A whopping 186.4 million Americans shopped in stores and online between Black Friday and Cyber Monday this year, according to the National Retail Federation. On average, these shoppers spent $361.90 per person over the five-day Thanksgiving weekend.
The sheer amount of money changing hands during this timeframe is a hugely attractive target for scammers and other cybercriminals. Consumers are often stressed during this period and make purchases that deviate from their normal routine. If a phishing email that seems legitimate enough arrives in such a consumer’s inbox, it’s more likely that the target will take action they shouldn’t.
In essence, the scammers behind these phishing emails are taking advantage of the holiday shopping chaos to the net as many victims as possible. Black Friday and Cyber Monday may have resulted in a nearly $1 trillion payday for legitimate businesses, but it’s highly likely that cybercriminals also took home some personal data and other information they could sell for a profit.
We noticed this strategy most recently with the Trickbot trojan banker. Between December 3 and December 5, a new Trickbot campaign targeted eCommerce shoppers with a phishing email that included a message about an order being shipped, as in the chain below:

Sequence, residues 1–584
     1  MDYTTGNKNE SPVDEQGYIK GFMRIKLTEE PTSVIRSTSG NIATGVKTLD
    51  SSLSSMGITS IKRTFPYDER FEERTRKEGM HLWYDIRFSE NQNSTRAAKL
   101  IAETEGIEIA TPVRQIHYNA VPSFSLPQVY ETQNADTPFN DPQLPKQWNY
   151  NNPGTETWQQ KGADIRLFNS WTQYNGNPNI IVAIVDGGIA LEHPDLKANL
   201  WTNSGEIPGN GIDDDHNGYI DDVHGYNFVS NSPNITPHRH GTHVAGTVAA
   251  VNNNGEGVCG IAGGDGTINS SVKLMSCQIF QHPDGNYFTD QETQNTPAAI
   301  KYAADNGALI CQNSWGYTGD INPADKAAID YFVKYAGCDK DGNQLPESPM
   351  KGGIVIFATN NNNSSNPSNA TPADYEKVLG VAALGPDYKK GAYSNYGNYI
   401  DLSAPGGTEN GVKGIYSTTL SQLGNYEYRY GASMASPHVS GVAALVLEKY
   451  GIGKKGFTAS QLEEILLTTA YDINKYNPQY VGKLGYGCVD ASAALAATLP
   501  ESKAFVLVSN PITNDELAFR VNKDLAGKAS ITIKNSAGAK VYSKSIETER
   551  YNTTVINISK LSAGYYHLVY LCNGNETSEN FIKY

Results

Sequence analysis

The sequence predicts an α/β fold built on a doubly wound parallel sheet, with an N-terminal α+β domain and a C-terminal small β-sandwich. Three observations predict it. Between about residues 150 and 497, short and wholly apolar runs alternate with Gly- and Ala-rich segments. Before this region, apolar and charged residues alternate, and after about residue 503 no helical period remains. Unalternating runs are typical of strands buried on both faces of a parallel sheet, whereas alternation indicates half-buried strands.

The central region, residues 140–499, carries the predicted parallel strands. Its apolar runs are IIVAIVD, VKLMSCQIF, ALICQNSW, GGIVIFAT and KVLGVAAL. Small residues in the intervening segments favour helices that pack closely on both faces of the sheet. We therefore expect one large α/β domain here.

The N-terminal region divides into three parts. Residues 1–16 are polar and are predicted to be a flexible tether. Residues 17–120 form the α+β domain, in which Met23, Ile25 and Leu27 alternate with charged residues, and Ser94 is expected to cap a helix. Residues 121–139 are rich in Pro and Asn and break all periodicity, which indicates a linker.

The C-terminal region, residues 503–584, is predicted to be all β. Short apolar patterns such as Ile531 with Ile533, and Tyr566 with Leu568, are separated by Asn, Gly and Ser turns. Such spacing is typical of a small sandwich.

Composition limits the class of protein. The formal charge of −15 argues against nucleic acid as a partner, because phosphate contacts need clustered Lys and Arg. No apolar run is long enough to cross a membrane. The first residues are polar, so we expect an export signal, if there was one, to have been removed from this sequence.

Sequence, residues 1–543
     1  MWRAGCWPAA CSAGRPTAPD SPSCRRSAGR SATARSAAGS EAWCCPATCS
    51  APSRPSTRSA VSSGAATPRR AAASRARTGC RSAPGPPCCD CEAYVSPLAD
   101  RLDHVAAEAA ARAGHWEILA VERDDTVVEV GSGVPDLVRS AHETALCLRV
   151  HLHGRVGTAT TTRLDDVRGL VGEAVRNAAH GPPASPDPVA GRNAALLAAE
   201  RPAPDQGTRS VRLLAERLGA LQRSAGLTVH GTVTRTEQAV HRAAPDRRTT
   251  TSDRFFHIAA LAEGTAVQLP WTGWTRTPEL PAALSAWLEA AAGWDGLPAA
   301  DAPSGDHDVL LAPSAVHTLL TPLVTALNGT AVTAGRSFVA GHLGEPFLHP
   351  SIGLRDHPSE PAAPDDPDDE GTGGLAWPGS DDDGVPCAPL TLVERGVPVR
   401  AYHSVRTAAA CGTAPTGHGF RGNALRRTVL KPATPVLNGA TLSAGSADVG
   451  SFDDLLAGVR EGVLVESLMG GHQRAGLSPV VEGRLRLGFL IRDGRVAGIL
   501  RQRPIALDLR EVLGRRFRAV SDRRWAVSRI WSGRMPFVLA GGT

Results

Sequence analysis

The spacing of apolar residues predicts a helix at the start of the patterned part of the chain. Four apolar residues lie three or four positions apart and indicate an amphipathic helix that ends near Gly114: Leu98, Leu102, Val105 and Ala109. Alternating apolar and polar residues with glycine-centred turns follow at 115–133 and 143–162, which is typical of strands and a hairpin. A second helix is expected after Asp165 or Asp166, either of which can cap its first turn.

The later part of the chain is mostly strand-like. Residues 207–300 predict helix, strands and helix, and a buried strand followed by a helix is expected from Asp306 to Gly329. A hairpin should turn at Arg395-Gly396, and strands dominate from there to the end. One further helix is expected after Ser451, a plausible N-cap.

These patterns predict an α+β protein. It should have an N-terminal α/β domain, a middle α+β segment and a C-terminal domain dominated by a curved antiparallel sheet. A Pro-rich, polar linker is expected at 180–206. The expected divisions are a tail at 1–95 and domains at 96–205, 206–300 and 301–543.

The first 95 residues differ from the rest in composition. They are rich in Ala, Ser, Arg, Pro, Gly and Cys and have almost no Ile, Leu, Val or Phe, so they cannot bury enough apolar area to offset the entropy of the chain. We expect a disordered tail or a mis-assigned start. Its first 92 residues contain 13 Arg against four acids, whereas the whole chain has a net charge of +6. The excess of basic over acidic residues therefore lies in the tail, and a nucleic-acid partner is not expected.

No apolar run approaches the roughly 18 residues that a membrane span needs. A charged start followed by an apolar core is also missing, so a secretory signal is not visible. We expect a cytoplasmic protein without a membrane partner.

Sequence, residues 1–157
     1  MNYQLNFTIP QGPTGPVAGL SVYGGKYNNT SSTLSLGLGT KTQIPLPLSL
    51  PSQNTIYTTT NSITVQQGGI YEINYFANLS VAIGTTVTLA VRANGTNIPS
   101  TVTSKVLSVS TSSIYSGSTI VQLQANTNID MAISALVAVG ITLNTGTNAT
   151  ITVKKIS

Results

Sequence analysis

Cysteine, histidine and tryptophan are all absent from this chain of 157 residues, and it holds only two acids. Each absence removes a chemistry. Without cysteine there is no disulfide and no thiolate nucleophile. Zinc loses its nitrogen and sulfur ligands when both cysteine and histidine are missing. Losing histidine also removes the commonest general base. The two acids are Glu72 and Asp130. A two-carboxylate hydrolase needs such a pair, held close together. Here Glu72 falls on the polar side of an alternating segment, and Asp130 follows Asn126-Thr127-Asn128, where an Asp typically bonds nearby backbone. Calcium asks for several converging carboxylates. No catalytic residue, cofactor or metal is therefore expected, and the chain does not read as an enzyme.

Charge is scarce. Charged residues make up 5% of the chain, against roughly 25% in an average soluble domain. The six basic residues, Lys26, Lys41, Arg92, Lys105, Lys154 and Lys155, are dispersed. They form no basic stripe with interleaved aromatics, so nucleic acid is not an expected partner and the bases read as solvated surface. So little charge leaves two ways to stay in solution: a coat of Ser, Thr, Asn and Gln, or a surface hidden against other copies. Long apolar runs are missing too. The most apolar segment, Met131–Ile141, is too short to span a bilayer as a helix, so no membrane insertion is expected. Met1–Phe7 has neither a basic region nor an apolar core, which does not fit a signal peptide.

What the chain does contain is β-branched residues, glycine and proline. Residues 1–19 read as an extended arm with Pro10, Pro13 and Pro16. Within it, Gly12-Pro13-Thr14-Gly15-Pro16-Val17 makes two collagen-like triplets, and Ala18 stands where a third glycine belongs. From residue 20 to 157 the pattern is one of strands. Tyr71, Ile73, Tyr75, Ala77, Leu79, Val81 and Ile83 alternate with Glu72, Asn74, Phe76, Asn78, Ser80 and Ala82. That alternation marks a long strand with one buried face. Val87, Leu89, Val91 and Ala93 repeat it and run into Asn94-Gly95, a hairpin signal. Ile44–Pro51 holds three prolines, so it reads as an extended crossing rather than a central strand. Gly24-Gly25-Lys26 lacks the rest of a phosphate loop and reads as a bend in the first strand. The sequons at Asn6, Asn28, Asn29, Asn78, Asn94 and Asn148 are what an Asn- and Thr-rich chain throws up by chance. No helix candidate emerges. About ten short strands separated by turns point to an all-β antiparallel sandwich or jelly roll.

Figure 1 Phishing email pretends to be order details
Each of these phishing emails contains a Microsoft Word document as an attachment. The attacker tries to lure the victim to click ‘Enable Editing’ by a commonly used technique.
Trickbot TROJAN Macro Analysis
At first glance, it looks like the document that opens is empty, but the word count at the bottom of the screen suggests otherwise.
Figure 2 Attached word document allegedly empty
There are many high-volume campaigns distributing this infection chain since the beginning of December. For example, a few days ago (December 13 to 15), we found a similar campaign to the one from earlier this month delivering Trickbot. The infection chain is very similar between them all, with slight modifications, this time the phishing email is allegedly received from “HelloFax Services.”
Figure 4 New Phishing email
It looks like the attacker used a modified version of the Ostap (Jscript) downloader because:
- It downloads the payload as base64, htm and exe.
- The user-agent header is deferent between different campaigns. (chrome version) probably to avoid network-based signatures
- Mozilla/5.0 (Windows NT 10.0; Win64; x64) AppleWebKit/537.36 (KHTML, like Gecko) Chrome/70.0.3538.77Safari/537.36
- Mozilla/5.0 (Windows NT 10.0; Win64; x64) AppleWebKit/537.36 (KHTML, like Gecko) Chrome/77.3538.66Safari/537.36
- Anti-Sandbox / Anti-VM – Extending the length of the list of running processes.
The holiday season involves a lot of money changing hands. The threat actors behind the latest Trickbot campaigns understand this fact, and they have taken advantage of the stress of the holidays to make money. With so many consumers making purchases, the phishing emails used in this campaign have a strong possibility of success.
Morphisec customers are protected from the Trickbot trojan banker through the power of our moving target defense platform. With a strong prevention methodology, Morphisec’s solution enables businesses large and small to be protected from any exploits.